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Practical Implementations of the Active Set Method for Support Vector Machine Training with Semi-definite Kernels

TitlePractical Implementations of the Active Set Method for Support Vector Machine Training with Semi-definite Kernels
Publication TypeThesis
Year of Publication2014
AuthorsSentelle CG
Academic DepartmentDepartment of Electrical Engineering & Computer Science
DegreeElectrical Engineering
Number of Pages209
Date Published05/2014
UniversityUniversity of Central Florida
CityOrlando, Florida
Thesis Typephd
Keywordsactive set method, approximate kernel path, approximate regularization path, regularization path following method, revised simplex, support vector machine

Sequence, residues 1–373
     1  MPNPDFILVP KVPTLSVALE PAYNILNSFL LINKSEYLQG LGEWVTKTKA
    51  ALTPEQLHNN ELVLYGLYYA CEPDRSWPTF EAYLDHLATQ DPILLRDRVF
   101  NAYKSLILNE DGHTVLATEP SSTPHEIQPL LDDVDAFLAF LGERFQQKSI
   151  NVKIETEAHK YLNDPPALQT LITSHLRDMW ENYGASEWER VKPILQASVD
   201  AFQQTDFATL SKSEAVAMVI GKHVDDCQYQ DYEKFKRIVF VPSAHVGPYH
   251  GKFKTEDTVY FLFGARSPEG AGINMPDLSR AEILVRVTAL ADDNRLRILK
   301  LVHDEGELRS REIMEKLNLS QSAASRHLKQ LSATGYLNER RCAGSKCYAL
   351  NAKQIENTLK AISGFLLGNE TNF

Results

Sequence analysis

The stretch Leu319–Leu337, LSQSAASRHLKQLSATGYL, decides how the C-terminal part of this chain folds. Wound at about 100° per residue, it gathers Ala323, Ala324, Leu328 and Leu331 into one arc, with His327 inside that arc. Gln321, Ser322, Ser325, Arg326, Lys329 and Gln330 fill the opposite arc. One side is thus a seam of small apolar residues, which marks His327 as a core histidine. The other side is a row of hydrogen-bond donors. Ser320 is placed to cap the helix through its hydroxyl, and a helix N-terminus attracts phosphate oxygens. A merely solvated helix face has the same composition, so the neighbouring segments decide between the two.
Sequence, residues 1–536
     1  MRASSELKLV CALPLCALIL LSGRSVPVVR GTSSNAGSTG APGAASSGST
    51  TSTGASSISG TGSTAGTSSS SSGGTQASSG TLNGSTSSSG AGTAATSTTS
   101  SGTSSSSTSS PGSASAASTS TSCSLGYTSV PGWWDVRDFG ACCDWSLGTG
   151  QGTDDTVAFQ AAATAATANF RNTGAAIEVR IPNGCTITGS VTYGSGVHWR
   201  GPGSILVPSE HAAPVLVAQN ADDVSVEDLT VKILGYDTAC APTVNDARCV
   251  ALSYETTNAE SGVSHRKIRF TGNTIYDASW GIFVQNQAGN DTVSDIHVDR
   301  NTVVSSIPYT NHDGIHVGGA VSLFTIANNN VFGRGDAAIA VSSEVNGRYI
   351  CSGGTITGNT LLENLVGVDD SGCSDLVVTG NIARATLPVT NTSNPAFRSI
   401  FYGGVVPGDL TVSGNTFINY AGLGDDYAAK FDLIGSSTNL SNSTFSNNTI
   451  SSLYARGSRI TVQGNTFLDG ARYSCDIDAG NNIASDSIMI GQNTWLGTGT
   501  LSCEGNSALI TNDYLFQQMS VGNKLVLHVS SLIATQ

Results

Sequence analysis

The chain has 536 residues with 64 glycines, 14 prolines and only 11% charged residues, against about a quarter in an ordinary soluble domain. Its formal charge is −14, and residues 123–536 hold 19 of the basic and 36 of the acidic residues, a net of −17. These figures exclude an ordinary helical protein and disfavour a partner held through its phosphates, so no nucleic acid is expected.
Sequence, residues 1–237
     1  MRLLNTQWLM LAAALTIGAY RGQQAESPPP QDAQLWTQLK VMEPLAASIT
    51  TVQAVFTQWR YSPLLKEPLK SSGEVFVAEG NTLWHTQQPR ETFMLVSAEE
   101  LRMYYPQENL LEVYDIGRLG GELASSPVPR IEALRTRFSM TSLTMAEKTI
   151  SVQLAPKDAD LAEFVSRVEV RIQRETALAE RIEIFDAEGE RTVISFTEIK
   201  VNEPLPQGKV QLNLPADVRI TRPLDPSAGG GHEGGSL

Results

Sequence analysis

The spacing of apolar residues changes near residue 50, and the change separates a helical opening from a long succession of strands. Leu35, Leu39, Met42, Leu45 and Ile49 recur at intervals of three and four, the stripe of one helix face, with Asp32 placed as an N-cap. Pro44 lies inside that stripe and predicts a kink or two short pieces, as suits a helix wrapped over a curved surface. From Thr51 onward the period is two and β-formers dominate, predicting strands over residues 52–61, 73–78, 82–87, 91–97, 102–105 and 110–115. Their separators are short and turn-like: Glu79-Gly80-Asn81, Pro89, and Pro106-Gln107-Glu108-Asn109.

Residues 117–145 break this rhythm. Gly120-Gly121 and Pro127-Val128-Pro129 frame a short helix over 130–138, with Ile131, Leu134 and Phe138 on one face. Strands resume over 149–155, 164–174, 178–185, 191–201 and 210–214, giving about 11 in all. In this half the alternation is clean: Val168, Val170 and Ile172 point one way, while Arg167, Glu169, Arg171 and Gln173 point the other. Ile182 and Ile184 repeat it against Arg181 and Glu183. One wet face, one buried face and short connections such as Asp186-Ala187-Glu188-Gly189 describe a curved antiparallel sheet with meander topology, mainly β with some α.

The Support Vector Machine (SVM) is a popular binary classification model due to its superior generalization performance, relative ease-of-use, and applicability of kernel methods. SVM training entails solving an associated quadratic programming (QP) that presents significant challenges in terms of speed and memory constraints for very large datasets; therefore, research on numerical optimization techniques tailored to SVM training is vast. Slow training times are especially of concern when one considers that re-training is often necessary at several values of the model's regularization parameter, C, as well as associated kernel parameters. The active set method is suitable for solving SVM problem and is in general ideal when the Hessian is dense and the solution is sparse-the case for the l1-loss SVM formulation. There has recently been renewed interest in the active set method as a technique for exploring the entire SVM regularization path, which has been shown to solve the SVM solution at all points along the regularization path (all values of C) in not much more time than it takes, on average, to perform training at a single value of C with traditional methods. Unfortunately, the majority of active set implementations used for SVM training require positive definite kernels, and those implementations that do allow semi-definite kernels tend to be complex and can exhibit instability and, worse, lack of convergence. This severely limits applicability since it precludes the use of the linear kernel, can be an issue when duplicate data points exist, and doesn't allow use of low-rank kernel approximations to improve tractability for large datasets. The difficulty, in the case of a semi-definite kernel, arises when a particular active set results in a singular KKT matrix (or the equality-constrained problem formed using the active set is semi-definite). Typically this is handled by explicitly detecting the rank of the KKT matrix. Unfortunately, this adds significant complexity to the implementation; and, if care is not taken, numerical instability, or worse, failure to converge can result. This research shows that the singular KKT system can be avoided altogether with simple modifications to the active set method. The result is a practical, easy to implement active set method that does not need to explicitly detect the rank of the KKT matrix nor modify factorization or solution methods based upon the rank. Methods are given for both conventional SVM training as well as for computing the regularization path that are simple and numerically stable. First, an efficient revised simplex method is efficiently implemented for SVM training (SVM-RSQP) with semi-definite kernels and shown to out-perform competing active set implementations for SVM training in terms of training time as well as shown to perform on-par with state-of-the-art SVM training algorithms such as SMO and SVMLight. Next, a new regularization path-following algorithm for semi-definite kernels (Simple SVMPath) is shown to be orders of magnitude faster, more accurate, and significantly less complex than competing methods and does not require the use of external solvers. Theoretical analysis reveals new insights into the nature of the path-following algorithms. Finally, a method is given for computing the approximate regularization path and approximate kernel path using the warm-start capability of the proposed revised simplex method (SVM-RSQP) and shown to provide significant, orders of magnitude, speed-ups relative to the traditional “grid search” where re-training is performed at each parameter value. Surprisingly, it also shown that even when the solution for the entire path is not desired, computing the approximate path can be seen as a speed-up mechanism for obtaining the solution at a single value. New insights are given concerning the limiting behaviors of the regularization and kernel path as well as the use of low-rank kernel approximations.


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